I ate my fill of pies but still had four left on my plate. Molly hustled from table to table, so I didn’t bother her for a box. Three more groups came in since she’d brought my plate. The eight people she’d left me to take care of drained their wine almost as quickly as Molly could refill it. I listened to the musician while I waited for things to calm down. They hadn’t gotten the same man as the last time I came in, but this one knew some of the same songs. I tapped my foot and hummed along to a traditional Prasinish song about a soldier missing his husband while at war.

A woman with Molly’s green eyes and Leon’s black hair set a take-out container on my table. She’d also inherited her father’s narrow face and her mother’s turned-up nose. The smile she gave me was all her own. “Dimitri, right?” 

“How did you know?” I asked. 

“Mom told me which table you were at,” she said. “I’m Gail.” 

“Nice to meet you,” I said. 

“Likewise,” she answered. “I thought they’d been exaggerating, but you look so much like him.” 

“Like who?” I asked. 

“My uncle, mom’s brother,” she told me. Was that why they treated me so well? I literally looked like family?

“Molly never mentioned him to me,” I said.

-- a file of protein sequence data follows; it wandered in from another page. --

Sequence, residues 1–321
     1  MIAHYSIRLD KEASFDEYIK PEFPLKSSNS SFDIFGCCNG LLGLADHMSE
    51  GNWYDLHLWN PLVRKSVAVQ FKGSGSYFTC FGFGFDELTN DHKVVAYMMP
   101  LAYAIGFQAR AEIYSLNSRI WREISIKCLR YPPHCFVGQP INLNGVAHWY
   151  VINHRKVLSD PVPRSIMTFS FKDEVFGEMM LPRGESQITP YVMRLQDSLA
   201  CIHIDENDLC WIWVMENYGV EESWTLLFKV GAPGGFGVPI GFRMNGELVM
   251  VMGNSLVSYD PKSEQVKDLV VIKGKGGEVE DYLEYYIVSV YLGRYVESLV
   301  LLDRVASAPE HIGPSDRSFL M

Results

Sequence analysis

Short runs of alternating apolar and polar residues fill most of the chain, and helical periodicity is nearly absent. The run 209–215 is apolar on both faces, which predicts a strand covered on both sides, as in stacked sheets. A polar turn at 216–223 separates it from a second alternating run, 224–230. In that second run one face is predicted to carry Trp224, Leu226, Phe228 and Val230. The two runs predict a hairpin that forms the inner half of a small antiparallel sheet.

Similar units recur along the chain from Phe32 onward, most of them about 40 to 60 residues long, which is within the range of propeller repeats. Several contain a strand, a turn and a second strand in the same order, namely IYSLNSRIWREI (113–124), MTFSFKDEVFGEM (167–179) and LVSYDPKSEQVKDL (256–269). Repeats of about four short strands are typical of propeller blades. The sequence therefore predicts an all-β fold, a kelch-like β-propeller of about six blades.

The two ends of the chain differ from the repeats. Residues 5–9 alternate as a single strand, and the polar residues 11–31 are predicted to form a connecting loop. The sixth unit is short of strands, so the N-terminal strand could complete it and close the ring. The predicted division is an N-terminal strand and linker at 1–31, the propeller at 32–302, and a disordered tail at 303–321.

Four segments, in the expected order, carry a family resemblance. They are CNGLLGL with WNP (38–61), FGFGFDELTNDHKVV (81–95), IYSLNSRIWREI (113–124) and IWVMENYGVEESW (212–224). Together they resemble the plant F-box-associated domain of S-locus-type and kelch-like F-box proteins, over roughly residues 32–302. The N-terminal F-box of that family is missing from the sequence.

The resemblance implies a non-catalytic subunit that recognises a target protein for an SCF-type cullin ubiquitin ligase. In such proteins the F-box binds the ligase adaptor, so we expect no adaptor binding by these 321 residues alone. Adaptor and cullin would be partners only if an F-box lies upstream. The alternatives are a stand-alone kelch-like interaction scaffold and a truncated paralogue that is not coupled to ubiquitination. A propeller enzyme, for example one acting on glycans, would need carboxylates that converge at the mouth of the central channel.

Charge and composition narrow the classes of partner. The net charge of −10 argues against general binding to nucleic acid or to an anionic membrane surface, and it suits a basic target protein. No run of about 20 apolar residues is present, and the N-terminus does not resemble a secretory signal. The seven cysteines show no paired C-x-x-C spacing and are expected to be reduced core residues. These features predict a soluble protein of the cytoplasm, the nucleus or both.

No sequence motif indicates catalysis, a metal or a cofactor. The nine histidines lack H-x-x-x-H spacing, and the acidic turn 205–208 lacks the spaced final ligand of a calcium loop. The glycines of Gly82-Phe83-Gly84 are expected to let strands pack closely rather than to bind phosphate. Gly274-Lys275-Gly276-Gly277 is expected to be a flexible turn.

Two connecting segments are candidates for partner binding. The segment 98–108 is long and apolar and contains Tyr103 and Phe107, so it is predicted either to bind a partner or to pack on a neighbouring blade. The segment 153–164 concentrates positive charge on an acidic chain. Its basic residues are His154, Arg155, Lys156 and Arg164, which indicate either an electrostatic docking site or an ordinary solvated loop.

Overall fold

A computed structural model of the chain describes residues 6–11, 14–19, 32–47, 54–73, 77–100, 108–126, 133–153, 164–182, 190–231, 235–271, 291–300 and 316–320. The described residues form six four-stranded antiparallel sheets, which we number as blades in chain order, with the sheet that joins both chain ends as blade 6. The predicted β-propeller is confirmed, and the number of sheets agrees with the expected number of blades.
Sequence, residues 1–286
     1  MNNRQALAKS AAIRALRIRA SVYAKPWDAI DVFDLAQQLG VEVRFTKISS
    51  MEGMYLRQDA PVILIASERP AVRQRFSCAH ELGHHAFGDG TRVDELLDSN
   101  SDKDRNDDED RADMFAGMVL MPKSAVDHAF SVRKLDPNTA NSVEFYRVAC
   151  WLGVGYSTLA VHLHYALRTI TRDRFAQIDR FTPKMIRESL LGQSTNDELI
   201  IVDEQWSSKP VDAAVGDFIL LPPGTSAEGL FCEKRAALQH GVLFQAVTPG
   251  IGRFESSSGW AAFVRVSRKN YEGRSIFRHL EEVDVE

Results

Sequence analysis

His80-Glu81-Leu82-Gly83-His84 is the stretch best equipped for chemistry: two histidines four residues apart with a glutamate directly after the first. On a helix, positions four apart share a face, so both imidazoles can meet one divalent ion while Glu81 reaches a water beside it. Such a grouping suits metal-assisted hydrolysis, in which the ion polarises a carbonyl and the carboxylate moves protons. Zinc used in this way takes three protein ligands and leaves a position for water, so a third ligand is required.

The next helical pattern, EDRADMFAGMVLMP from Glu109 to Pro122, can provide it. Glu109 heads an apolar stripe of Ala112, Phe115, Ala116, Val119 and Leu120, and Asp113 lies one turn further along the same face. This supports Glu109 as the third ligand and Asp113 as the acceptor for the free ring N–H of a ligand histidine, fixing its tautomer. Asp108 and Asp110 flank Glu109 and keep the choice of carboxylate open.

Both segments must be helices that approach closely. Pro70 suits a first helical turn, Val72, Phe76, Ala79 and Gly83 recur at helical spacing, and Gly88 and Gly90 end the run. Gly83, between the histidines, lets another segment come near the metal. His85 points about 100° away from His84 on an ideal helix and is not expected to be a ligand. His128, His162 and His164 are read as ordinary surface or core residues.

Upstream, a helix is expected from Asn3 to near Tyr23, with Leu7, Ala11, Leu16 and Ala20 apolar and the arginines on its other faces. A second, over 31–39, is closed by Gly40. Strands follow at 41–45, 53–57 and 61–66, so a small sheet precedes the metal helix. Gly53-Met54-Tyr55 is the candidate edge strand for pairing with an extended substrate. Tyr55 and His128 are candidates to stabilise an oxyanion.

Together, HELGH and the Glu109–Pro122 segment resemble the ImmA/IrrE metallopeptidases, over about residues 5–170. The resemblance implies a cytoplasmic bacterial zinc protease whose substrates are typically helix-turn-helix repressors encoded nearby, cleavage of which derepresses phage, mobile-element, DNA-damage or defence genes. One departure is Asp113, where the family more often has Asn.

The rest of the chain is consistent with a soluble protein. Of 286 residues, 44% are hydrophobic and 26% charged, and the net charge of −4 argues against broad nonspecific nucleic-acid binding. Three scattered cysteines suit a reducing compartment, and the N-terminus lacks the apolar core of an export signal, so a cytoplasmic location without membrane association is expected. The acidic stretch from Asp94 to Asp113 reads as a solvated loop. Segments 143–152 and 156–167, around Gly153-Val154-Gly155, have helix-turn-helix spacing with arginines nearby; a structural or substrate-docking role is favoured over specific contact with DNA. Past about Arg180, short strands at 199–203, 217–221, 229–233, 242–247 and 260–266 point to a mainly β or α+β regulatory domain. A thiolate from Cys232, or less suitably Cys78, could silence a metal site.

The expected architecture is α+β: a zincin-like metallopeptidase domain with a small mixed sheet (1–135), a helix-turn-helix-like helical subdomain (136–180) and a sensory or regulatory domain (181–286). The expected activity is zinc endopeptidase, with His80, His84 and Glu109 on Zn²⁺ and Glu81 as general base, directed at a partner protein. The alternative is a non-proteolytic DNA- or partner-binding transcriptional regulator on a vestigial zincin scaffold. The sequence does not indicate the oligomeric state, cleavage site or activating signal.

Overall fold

“I’m not surprised. They were close. He died a few years back, though,” she explained. 

“Oh, I’m sorry,” I said. 

“Mom didn’t smile for months after that. Not until you started coming to the restaurant,” she said. “I know you didn’t plan to look like her brother, but it is more than that. You’re as kind as he was. You helped her more than you knew. Thank you.” 

“It’s not hard to be kind to her. Molly’s a sweet woman,” I told her, and she smiled. “I suspect your parents have done more for me than I’ve done for them.” 

“All the same, we appreciate you,” she said. 

“Thank you for telling me.” I hadn’t done much, but it makes me happy to have helped Molly in whatever way I could. 

“I should get back to work,” she said, standing from my table. “Your meal is on me.” 

“You don’t have to—” 

“You know how stubborn my parents are. I’m just as bad,” she told me with a wink. 

I packed the leftover pies into the box Gail brought me, then flagged Molly down. 

“Can I get you something, love?” she asked. 

“No, I’m all set. I met Gail. She seems great,” I said. A proud grin spread across Molly’s face. 

“Thank you. She told you the pies are on the house, didn’t she?” 

“Yeah,” I confirmed. 

“Good. Come back soon and bring your man with you,” she encouraged me. 

“I will,” I agreed. 

I tried to remember the first time I’d met Molly on my way home. Our first meeting didn’t stand out in my mind. She’d always been especially kind to me. It struck me as odd compared to my other restaurant experiences. But I just assumed that was how she treated everyone. Her good cheer drew me back until I’d become a regular there. I couldn’t remember a time when she didn’t greet me happily. It was hard to imagine her going months without smiling. I got home to Cogton’s enthusiastic head butts. He followed me to the kitchen. I put away my leftovers, then picked him up and carried him to my bedroom. I fell asleep with him curled up next to me.